Talbot County is lucky to have in its midst the Mid-Shore Regional Council MSRC), and TalbotWorks wants to take this opportunity to sing its praise and introduce readers to MSRC’s executive director, Scott Warner.
Scott is a lifelong resident of the Eastern Shore and so it was a natural fit when he was selected to lead the MSRC in 2005. Scott and the MSRC have developed a successful track record of bringing resources to the Mid Shore to help it prosper, while maintaining its beautiful environment. TalbotWorks had the opportunity to talk with Scott recently.
TalbotWorks: Tell our readers a little about the Mid-Shore Regional Council, especially as it relates to Talbot County. Why is it important?
Scott: The Mid-Shore Regional Council (MSRC) is a cooperative regional planning and development agency that initiates and coordinates plans and projects for the development of human and economic resources in Caroline, Dorchester, and Talbot counties.
For instance, the MSRC has been instrumental in initiatives like broadband infrastructure, small business development, technology parks, and public transportation.
The Council was created by the State of Maryland in 2001 and has 40 members, including elected officials from state and local governments, and representatives from private sector and minority populations. There are two full-time employees, but we are not government employees. You might say that the MSRC is truly a “quasi-government” agency.
A very important aspect of the MSRC is that it is designated an Economic Development District by the U.S. Department of Commerce – Economic Development Administration (EDA), a multi-jurisdictional entity that helps lead a locally-based, regionally driven economic development planning process. The MSRC facilitates this strategy-driven plan known as the Comprehensive Economic Development Strategy (CEDS). This process gives the Mid-Shore access to EDA funds. Between 2003 and 2019, projects within the counties have received almost $14 million in EDA funding.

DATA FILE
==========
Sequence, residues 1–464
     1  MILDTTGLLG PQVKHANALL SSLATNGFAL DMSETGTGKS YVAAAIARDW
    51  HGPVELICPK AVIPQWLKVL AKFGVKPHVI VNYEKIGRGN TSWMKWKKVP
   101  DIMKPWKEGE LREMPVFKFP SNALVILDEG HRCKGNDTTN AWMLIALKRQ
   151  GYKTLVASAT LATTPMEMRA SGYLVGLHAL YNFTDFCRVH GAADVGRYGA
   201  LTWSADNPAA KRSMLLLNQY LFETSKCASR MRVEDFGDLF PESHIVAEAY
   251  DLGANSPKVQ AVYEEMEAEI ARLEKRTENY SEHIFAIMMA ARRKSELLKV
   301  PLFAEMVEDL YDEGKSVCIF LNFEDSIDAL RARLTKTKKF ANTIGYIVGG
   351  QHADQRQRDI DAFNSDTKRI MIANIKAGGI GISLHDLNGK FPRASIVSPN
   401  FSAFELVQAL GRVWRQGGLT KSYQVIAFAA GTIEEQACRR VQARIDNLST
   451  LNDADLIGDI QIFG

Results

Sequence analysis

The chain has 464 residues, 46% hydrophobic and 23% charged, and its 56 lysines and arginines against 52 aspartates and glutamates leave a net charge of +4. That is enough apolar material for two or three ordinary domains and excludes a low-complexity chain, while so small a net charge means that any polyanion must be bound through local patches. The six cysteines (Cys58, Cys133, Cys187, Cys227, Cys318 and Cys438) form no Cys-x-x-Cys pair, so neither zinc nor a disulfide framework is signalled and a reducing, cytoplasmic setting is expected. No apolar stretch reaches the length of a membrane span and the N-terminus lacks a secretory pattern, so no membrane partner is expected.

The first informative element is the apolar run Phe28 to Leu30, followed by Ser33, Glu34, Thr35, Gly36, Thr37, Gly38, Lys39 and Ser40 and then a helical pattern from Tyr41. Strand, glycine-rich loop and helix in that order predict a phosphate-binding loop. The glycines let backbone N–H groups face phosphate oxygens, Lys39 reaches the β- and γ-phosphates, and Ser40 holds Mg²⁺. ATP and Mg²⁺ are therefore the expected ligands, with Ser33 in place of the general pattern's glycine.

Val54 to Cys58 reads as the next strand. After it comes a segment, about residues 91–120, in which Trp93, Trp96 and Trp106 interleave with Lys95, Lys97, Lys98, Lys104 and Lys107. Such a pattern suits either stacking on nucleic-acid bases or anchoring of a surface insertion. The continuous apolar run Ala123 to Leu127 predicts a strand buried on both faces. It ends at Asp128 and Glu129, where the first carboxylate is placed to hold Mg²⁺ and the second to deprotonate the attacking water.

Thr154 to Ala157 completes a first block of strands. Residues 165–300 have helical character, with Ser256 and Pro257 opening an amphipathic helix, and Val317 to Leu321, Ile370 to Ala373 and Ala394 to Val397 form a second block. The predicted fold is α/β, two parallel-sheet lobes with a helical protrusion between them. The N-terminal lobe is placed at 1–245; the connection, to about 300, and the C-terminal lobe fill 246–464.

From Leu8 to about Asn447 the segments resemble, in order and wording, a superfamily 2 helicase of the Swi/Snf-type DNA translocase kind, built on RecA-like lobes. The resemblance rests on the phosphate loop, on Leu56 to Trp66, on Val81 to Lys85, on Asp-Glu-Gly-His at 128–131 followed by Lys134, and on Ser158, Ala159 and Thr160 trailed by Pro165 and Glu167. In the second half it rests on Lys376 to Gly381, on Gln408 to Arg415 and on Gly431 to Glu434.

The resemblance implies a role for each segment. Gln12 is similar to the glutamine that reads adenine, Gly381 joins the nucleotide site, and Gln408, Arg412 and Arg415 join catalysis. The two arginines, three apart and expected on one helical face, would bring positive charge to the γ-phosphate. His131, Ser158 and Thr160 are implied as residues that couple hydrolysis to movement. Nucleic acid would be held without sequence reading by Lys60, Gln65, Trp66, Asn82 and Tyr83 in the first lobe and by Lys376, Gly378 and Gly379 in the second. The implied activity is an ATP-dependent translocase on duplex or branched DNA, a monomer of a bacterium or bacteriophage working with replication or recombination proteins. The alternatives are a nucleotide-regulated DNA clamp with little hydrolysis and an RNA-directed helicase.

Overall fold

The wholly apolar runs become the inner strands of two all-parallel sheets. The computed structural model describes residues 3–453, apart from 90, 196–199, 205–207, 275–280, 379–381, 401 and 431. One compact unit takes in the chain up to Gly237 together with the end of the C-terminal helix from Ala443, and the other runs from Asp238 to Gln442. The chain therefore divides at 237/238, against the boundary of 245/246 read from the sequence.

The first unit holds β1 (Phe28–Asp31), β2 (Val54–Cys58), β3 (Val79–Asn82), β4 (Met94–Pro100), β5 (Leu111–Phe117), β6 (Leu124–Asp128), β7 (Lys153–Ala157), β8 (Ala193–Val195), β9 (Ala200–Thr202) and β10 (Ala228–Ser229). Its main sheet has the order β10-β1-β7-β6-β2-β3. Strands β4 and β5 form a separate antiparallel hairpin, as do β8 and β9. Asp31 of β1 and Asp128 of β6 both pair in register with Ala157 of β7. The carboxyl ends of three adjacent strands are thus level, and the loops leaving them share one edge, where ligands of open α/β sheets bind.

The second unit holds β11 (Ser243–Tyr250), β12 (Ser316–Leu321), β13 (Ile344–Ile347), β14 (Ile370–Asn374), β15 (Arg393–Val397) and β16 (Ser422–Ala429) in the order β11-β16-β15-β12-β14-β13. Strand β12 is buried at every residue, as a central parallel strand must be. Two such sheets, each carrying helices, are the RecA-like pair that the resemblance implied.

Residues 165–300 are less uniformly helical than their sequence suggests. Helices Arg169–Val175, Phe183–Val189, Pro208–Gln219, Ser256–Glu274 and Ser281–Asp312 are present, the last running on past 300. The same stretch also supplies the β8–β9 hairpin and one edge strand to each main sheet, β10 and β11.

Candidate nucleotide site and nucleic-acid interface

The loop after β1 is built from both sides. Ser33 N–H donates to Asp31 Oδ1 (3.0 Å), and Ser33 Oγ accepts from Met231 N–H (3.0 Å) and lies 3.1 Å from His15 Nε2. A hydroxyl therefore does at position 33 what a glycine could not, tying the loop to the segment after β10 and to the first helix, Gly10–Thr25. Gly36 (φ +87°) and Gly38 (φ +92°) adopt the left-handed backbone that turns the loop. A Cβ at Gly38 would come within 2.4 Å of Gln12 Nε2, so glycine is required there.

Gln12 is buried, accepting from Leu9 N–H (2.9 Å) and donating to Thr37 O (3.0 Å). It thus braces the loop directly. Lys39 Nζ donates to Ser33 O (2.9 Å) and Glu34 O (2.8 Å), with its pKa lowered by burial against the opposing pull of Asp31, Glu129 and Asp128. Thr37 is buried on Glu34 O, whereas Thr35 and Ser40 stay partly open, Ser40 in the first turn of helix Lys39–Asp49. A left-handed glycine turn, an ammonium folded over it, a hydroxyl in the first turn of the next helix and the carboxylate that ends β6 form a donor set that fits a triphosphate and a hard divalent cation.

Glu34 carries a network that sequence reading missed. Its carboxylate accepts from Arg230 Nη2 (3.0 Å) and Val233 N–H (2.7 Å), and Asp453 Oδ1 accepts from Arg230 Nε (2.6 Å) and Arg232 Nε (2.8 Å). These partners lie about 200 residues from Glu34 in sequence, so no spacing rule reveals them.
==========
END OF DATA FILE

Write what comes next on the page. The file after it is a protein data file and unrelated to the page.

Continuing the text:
There are only three EDA districts in Maryland and hundreds across the country. The MSRC is in the Philadelphia Region Office (PRO) jurisdiction. The PRO includes the states between Maine and West Virginia, as well as Washington, DC, the U.S. Virgin Islands, and Puerto Rico. Competition for funds can be intense. But if you have a good road map, you have a good chance to receive EDA funding, as well as funding from other sources.
Projects in Talbot County include funding for the regional fiber optic backbone and the new Mistletoe Hall Commerce-Business Park.
TalbotWorks: That is a wide variety of projects – how do you select which ones to work on?
Scott: To receive EDA funding, projects must be included in the Mid-Shore CEDS. The CEDS is used as a roadmap.
There are currently 26 projects included in the Mid-Shore CEDS. In Talbot County, those include the Port Street Redevelopment Project, Frederick Douglass Park on the Tuckahoe, and the St. Michaels Wastewater Treatment Plant and Sewer Collection System, as well as others.
The CEDS is a critical document that keeps us on track over multiple years and election cycles. It keeps things from falling through the cracks and ensures that projects and initiatives are still relevant.